“If you’re a cartoon character, sure, you’ll fight, because the punches are juicy-sounding and they don’t leave marks. But in real life, if somebody punches you in the eye, it doesn’t make any noise and your eye is swollen. It’s a nightmare to get punched in the eye!”
Louis C. K.
Cartoon character or not, we have all had mornings when we have woken up to swollen eyes in the morning. Yes, you can get an eye swelling without getting a punch in your face. And no, not all eye swellings mean an infection.
Swollen eyelids can occur due to a number of causes ranging from injuries, eye allergies, eye infections like pink eye, stye, herpes or infection of the eyelid or tissue surrounding the eye. Eyelid swelling may be accompanied by irritation, watering, redness or pain in the eyes.
Here are a few tips to help you deal with eye swellings:
- Avoid rubbing your eyes. This will only increase the swelling in eyes.
- A cool compress or splashes of cold water on closed eye lids can help reduce the eye swelling.
- Remove your contact lenses until the swelling in eyes settle down.
If you experience pain or an increase in the symptoms, do not hesitate to see your eye doctor.
So how can you prevent your eyes from swelling?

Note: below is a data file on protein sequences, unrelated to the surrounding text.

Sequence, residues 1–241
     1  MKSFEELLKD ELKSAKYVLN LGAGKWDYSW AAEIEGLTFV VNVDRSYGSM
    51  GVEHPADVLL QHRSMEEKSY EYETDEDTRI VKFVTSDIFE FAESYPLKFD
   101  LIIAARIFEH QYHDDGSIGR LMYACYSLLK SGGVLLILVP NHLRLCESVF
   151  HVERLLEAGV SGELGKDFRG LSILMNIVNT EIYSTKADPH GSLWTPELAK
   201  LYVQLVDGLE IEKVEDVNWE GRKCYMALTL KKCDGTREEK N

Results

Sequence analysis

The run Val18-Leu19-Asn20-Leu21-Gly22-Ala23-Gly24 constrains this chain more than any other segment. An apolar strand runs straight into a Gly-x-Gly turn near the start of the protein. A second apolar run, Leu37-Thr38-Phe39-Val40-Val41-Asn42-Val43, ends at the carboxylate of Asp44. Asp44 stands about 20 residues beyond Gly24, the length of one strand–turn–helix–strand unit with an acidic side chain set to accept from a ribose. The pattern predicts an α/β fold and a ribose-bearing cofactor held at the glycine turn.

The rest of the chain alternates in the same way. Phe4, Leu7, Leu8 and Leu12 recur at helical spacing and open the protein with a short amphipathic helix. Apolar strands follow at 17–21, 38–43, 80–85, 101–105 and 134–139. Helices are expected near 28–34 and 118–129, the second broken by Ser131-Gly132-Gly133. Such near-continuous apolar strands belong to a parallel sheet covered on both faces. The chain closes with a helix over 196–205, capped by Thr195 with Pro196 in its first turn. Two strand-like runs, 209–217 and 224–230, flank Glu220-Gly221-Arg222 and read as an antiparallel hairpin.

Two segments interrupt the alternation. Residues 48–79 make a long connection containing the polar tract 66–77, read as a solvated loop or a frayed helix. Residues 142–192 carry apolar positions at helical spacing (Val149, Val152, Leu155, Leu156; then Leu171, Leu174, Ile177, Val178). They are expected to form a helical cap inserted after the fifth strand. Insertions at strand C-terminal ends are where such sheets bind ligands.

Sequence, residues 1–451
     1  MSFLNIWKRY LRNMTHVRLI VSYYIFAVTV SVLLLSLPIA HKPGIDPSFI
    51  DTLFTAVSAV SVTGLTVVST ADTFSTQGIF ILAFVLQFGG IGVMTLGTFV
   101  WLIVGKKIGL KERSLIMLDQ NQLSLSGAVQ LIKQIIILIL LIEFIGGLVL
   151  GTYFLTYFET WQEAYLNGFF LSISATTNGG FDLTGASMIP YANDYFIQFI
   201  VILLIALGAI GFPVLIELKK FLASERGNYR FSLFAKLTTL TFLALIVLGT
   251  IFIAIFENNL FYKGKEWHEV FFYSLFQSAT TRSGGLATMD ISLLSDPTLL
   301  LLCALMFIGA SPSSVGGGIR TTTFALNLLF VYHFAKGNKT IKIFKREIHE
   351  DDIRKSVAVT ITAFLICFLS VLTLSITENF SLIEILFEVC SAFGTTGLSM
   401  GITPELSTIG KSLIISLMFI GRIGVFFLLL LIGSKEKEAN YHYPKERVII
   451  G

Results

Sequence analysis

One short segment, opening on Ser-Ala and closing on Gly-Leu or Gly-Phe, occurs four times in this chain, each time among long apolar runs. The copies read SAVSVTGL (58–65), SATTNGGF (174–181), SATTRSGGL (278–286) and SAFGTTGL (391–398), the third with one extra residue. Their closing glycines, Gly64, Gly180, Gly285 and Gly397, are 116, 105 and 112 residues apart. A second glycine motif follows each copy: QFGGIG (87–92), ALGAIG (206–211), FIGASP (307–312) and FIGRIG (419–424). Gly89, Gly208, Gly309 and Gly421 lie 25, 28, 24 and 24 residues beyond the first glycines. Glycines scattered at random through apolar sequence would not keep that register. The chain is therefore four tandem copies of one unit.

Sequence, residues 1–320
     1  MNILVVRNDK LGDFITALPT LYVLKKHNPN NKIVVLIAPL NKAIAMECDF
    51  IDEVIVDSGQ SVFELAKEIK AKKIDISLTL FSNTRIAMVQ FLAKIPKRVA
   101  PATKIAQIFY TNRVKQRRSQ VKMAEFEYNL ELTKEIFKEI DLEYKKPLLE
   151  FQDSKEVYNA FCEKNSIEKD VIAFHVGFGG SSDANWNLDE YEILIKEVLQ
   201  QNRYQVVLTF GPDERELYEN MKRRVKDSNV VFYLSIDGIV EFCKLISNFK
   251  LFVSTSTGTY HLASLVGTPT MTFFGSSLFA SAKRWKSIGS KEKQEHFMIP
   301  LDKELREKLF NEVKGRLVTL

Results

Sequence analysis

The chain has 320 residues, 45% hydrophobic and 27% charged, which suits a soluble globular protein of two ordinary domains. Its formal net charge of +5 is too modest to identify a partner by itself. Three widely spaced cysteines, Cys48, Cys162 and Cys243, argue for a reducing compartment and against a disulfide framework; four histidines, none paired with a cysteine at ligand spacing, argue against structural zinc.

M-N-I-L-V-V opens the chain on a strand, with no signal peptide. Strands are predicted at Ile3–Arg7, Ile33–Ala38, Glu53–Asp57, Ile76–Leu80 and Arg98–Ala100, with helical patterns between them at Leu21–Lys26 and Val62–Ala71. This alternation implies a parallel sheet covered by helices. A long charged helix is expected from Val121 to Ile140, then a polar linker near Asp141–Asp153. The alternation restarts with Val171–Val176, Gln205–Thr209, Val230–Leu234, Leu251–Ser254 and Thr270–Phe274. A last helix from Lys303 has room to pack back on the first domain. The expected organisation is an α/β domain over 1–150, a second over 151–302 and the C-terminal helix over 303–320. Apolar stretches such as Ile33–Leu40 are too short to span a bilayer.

- If you find yourself with swollen eyelids due to eye allergies on a regular basis, you can get yourself tested for allergies. Knowing what you are allergic to, will help you avoid or reduce your exposure to the specific factor that triggers the allergies.
- A common cause of eye allergies is cosmetics. You can opt for makeup and beauty products which are hypoallergenic and fragrance free. Another way to be sure is to do a small patch test. Before you start using a new product, use a little of the cosmetic on the inside of your wrist. This will help to rule out the possibility of developing any allergic reaction.
- When you are advised to use eye drops, ask your doctor for a preservative free version. Preservatives are usually added to eye drops to prevent the growth of germs in the bottle. While this enhances the safety for most, there may be a few unlucky ones who develop an allergy to the preservative itself.
- Contact lens cases often become a safe haven for bacteria to grow and multiply. Washing one’s hands before handling contact lenses, replacing the contact lenses on time and keeping the contact lens case clean will help prevent eye infections.
Swollen eyes can be treated with anti allergy, anti inflammatory, anti biotic or anti viral eye drops, ointments and medicines depending on the cause. So if you are sure you’re your eyes are not swollen from too much sodium in your food (salt) or crying or sleeping, the cause of your puffy eyes could be something that requires you to see an eye doctor.